I often hear the comment, “That's just a Band-Aid solution. You haven't really gotten to the source of the problem.” Usually, the person making the comment has no real idea of the nature of the problem, its subtleties, or what's involved in trying to fix it. An improvised solution often is both a good one and all you're going to get, given the time, budget, and technical constraints.
I was reminded of this when I replaced the digital clock in our shower. It's one of those cheap $4 battery units. The problem was that these units are not designed for the humid conditions of a shower. They were failing every 6-12 months, with corrosion on the battery contacts, display-digit segments going bad, and some sort of mold or crud inside. (I didn't bother to analyze this substance further.)
My initial thought was to make some sort of waterproof enclosure, but a simple zipper-lock bag was too big and lacked the optical clarity I needed. As I delved further into the alternatives, the various solutions I scoped out were bigger than the problem I was looking to solve. Finally, I said, “What the heck? I'll just wrap the clock in some heavy, clear plastic wrap,” which I had on hand. It wasn't a true waterproof solution, but it was worth a try.
I'm happy to report the problem seems solved. It's not that moisture can't get past the imperfect seams and openings in this wrap. It certainly can. But most of the humidity from the shower is condensing on the outside of the wrap. Very little is getting inside to cause problems. It looks as if the Band-Aid solution is working. Though it is not the solution I originally was seeking, I'm OK with that.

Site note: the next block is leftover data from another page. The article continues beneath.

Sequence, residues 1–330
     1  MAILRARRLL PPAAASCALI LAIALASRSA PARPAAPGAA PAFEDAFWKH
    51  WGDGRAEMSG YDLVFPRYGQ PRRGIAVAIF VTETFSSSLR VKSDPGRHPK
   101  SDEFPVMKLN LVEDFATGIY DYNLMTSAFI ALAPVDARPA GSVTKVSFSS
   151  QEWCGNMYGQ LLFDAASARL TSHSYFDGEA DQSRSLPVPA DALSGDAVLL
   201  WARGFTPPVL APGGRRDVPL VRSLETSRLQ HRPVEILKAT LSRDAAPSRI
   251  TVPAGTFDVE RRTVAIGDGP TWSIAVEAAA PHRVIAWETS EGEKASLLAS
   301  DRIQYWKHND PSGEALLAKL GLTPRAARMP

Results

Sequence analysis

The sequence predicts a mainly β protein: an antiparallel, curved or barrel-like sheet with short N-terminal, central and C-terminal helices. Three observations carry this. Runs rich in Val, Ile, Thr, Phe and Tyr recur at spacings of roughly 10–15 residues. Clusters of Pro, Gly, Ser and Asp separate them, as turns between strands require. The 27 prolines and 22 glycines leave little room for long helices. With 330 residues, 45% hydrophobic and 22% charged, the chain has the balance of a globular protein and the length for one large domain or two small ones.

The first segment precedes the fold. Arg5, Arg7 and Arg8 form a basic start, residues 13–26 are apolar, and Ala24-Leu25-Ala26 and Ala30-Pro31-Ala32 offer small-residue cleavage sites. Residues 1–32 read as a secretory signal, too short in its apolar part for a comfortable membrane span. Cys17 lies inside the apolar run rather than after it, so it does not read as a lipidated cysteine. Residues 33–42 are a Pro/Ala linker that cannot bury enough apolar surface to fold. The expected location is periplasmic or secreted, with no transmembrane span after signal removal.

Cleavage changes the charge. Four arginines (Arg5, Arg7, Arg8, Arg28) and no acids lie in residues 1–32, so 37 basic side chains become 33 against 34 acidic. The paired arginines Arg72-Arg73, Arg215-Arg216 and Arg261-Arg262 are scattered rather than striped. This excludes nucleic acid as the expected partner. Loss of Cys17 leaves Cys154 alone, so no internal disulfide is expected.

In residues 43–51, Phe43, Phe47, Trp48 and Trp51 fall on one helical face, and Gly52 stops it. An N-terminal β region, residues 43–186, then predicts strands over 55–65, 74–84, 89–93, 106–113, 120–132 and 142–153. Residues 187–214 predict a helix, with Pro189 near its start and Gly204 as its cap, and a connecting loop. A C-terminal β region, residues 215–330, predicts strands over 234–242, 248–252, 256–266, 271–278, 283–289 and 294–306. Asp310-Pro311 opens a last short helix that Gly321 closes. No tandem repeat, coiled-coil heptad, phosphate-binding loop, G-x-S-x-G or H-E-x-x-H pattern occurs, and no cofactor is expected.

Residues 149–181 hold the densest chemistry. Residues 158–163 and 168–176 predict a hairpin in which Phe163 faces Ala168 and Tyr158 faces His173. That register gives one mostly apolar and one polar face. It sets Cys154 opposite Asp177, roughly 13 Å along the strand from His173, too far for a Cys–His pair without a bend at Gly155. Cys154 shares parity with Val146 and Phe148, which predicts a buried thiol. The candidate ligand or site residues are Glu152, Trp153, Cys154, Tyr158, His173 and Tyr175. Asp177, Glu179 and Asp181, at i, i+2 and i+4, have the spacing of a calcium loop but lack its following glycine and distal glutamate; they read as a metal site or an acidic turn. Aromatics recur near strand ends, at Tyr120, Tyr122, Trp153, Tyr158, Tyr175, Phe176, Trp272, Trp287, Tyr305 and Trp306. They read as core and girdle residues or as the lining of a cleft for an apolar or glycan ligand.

This is a common engineering situation. You have a problem, and either the exact cause and mechanism is unclear, or implementing a complete solution up front is difficult. So you try a little of this and that and hopefully put together enough pieces to give you a satisfactory solution.
Think about an elusive EMI/RFI problem where the source is hard to find or the path it takes into your system is hard to pin down. You add extra bypass capacitors in various places, maybe some strategically placed ferrite beads, and perhaps even some shielding. Somehow these all add up to reducing the noise.
Are these steps a Band-Aid solution or just good engineering practices? It depends on your perspective, I guess. Have you ever been criticized for trying such a solution? Have you ever criticized someone else's improvised solution?